AT the Orchestral Concert on 22nd ultimo Herr Richard Strauss occupied Dr. Cowen’s place as conductor throughout the evening. The programme included Spohr’s »Jessonda« overture, Beethoven’s Eighth Symphony and three of Herr Strauss’s own compositions: the »Serenade for Wind Instruments,« Op. 7, »Don Juan« and »Tod und Verklärung.« With Herr Strauss thus appearing in the two capacities of conductor and composer, it was almost inevitable, if unfortunate, that there should be a comparison, and on the whole the suffrages of the audience appeared to be in favour rather of Strauss the conductor than of Strauss the composer. As a conductor, Herr Strauss possesses the quality of magnetism. Plain and unobtrusive in his methods, even an average audience can see that he is a genius. The Spohr overture was a masterpiece of effective dramatic presentation, and if the Beethoven Symphony was rather different from what we are used to, no single innovation would be cavilled at. The second movement in particular, with his suppression of the too-often overdone staccato, and the consequent greater swing, was a revelation.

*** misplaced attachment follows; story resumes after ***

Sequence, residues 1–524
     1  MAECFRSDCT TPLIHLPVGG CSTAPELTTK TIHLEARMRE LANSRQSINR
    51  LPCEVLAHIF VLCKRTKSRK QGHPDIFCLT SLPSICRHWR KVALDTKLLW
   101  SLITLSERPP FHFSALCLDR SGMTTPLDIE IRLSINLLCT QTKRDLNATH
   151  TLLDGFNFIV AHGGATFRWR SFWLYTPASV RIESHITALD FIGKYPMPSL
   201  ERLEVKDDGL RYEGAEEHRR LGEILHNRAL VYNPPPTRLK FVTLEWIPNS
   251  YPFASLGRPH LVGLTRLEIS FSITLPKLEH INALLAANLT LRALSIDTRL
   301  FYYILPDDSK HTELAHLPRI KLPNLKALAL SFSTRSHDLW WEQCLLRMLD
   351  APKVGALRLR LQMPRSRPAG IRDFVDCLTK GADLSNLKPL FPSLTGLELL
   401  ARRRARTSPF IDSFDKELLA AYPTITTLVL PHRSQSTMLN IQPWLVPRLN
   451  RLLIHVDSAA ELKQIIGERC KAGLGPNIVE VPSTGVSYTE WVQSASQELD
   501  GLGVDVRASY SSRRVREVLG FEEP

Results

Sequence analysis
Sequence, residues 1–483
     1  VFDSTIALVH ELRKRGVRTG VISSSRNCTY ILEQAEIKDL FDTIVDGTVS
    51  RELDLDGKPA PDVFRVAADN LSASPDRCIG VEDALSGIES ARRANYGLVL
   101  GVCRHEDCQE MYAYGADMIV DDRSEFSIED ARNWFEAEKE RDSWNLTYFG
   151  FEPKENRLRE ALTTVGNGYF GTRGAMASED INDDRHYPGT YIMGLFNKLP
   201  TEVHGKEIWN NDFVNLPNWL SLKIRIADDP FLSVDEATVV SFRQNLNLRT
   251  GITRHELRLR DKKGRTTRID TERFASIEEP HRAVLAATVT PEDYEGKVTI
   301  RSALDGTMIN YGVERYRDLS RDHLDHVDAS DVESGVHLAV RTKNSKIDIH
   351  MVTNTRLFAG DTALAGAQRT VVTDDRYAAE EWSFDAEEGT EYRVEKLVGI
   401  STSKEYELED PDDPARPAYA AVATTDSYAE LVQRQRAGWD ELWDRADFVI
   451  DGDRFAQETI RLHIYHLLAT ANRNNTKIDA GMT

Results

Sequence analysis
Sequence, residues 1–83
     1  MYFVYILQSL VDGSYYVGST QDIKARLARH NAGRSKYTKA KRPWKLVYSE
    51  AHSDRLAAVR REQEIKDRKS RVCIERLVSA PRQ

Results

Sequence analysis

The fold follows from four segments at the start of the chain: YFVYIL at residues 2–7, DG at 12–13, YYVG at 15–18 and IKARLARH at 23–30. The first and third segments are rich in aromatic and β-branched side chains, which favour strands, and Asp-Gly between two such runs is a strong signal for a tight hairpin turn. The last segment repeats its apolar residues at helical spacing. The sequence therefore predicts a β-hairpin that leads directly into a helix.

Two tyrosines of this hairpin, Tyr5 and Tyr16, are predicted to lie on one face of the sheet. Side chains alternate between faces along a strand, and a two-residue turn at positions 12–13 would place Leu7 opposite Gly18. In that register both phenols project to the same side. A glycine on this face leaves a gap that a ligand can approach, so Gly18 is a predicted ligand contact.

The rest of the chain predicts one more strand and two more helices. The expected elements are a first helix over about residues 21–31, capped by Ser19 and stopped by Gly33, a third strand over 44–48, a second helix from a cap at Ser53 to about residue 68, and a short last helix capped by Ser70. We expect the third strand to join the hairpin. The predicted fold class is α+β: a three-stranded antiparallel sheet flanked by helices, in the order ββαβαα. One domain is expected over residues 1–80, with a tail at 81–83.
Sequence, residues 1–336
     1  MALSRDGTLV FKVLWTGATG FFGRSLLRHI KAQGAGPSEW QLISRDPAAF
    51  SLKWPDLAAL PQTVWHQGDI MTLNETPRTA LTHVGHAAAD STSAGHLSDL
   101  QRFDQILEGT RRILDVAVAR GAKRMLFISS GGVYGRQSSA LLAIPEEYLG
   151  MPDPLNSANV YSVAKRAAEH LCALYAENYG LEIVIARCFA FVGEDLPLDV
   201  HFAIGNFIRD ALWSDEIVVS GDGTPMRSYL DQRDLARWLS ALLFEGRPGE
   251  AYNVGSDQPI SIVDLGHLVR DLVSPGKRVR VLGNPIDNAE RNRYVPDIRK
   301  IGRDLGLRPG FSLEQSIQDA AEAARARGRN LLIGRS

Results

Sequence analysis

in: The Musical Standard. A Newspaper for Musicians, Professional and Amateur, Bd. 470, Jg. 19, Heft 2005, Samstag, 3. Januar 1903, Rubrik »Music in the Provinces«, S. 13
relevant für die veröffentlichten Bände: III/5 Don Juan
Richard Strauss at Edinburgh.